PALERMO — Town Meeting voters started implementing recommended changes for the Town Office Saturday.

In a series of votes, they changed the positions of tax collector, treasurer and town clerk from elected to appointed; authorized selectmen to develop and enforce personnel policies covering elected officials; authorized selectmen to set salaries for all town positions, within the annual budget approved at Town Meeting; and approved the lower of two recommendations for 2012 municipal wages, about $18,000 below 2011 expenditures.

Throughout the hour-long debate on Town Office issues, there were frequent references to last year’s Compensation Committee, whose report included the recommendations for reduced staffing and costs.

The debate was polite and to the point, but occasional remarks showed underlying strains

Compensation Committee member Donald Barrett insisted committee discussions were never personal, but always about personnel.

Town Clerk Sheila McCarty, whose position will become appointive when her term ends in 2014, disagreed, saying, “It was all personal. It was not handled in a professional manner.”

Resident and town auditor Vernice Evasius supported appointment of town officials. Palermo has no problems, she said, but she could name other towns in which officials committed theft. Since Palermo has no provision for recalling elected officials, an elected treasurer, tax collector or clerk who was a thief could not be removed from office, she said.

At McCarty’s request, moderator Richard Thompson called for a written ballot vote on the proposed change. He announced that 51 voters favored it and 38 were opposed.

Selectman Harry Dean Potter explained that the new authorization to develop personnel policies applies only to elected officials because selectmen already have authority to implement policies for appointed and hired positions.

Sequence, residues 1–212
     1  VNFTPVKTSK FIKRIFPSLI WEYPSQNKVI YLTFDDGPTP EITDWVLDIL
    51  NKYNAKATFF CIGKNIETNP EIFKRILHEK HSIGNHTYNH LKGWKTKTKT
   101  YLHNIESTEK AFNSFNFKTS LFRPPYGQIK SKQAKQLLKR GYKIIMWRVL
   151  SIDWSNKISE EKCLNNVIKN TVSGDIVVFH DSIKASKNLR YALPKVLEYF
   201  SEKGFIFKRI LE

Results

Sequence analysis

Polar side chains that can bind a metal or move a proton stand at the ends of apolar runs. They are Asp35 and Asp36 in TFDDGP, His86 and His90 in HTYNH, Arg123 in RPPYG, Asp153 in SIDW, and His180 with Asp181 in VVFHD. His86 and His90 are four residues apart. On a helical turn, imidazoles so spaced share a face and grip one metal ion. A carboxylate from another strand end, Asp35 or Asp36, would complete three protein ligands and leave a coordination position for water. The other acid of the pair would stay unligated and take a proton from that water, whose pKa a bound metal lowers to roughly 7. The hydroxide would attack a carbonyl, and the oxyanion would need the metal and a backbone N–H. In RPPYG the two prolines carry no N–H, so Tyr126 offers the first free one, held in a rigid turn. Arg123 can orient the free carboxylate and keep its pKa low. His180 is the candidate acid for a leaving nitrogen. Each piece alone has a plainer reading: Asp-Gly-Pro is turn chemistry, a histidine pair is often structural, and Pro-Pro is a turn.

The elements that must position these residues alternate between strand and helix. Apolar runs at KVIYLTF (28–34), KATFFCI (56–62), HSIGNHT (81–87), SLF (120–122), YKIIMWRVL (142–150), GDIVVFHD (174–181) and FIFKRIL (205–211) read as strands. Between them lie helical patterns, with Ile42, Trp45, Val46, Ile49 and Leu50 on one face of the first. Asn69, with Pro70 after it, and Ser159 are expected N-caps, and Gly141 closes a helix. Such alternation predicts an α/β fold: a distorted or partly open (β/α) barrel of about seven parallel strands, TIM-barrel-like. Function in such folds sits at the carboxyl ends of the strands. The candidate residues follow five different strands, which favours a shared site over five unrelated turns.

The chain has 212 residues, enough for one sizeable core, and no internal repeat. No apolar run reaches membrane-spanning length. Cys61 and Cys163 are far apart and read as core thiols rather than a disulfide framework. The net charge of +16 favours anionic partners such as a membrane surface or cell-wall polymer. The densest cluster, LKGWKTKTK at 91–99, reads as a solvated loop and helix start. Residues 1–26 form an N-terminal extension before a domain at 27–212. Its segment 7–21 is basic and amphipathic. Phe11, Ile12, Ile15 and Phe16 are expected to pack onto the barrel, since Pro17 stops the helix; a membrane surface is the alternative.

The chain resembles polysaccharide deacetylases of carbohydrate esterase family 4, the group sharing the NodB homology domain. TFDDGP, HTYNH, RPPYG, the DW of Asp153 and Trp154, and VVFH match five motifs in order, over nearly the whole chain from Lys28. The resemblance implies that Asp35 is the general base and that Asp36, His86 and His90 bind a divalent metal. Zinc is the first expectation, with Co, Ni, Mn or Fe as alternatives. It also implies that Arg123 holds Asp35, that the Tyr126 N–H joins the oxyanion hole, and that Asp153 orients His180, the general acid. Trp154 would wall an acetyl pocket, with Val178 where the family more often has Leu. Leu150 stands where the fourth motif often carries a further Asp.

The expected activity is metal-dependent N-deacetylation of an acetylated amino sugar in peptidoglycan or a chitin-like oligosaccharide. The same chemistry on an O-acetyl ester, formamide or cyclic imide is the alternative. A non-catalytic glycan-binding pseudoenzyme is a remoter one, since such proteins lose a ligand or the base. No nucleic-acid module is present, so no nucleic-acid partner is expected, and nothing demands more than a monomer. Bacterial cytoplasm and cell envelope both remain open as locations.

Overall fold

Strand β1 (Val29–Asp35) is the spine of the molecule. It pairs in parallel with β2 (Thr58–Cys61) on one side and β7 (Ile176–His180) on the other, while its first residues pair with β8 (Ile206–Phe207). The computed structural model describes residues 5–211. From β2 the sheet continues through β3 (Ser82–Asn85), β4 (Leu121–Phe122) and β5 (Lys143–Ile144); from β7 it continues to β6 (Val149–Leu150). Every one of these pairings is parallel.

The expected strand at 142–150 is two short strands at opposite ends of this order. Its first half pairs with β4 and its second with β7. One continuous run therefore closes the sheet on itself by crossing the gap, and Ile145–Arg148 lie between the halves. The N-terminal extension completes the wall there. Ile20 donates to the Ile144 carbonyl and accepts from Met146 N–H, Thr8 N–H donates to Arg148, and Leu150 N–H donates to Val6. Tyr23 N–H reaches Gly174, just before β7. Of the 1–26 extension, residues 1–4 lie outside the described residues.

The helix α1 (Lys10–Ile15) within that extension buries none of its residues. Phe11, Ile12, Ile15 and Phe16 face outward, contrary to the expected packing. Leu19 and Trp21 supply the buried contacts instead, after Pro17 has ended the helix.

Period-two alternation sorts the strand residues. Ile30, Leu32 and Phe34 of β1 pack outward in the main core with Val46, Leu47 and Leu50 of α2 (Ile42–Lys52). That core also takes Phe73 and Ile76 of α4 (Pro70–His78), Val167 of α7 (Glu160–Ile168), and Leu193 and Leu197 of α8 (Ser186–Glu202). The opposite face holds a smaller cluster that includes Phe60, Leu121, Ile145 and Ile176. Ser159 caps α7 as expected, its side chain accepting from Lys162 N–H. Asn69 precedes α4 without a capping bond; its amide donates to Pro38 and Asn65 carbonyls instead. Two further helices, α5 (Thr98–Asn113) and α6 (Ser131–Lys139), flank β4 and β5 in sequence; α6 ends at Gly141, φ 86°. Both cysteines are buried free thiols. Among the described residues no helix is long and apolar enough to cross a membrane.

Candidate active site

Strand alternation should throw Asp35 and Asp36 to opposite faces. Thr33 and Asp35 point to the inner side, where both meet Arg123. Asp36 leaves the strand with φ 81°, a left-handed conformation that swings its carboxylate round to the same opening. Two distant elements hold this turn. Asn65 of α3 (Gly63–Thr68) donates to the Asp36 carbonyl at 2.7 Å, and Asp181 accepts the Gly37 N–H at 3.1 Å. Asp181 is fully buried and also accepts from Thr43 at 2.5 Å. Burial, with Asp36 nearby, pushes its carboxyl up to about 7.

The $112,920 for municipal wages, recommended by the Budget Committee, is intended to fund the current four Town Office staff positions through the end of June and three positions thereafter.

The Compensation Committee recommended a gradual reduction to two full-time positions and one part-time position.

All other warrant articles except one were approved, two with changes:

* After the usual debates, donations to out-of-town social service agencies were adjusted to appropriate $12,459, instead of the $13,279 requested, with seven agencies denied funding and one request cut in half.

* Voters added $20,000 to the road account, bringing the total to $340,000, to provide matching money for a just-confirmed $80,000 grant.

On Potter’s recommendation, voters took no action on the article asking them to increase the property tax levy limit established by state law. Potter said the amount needed from taxation to fund the day’s decisions was well below the limit, especially after the vote to use $100,000 from undesignated fund balance to lower the tax rate.

In Friday’s local elections, voters chose Holly Harmon as the new member of the Board of Selectmen and Angela Nelson as town treasurer.

Harmon received 143 votes to Simeon Blake Brown’s 114 and Robert Temple’s 20. She succeeds Sophia Glidden, who did not seek re-election.

Nelson defeated incumbent treasurer Contessa Mancini by 176 votes to 97 votes.

Scott Childs was re-elected road commissioner with 251 votes, and William Sugg received 232 votes to become a member of the Sheepscot Valley Regional School Unit board.

For general assistance administrator, incumbent Ellen Snowden Hatch received six write-in votes and will serve again.

At Saturday’s open meeting, six Budget Committee members were re-elected and Megan Childs was elected to replace Harmon.

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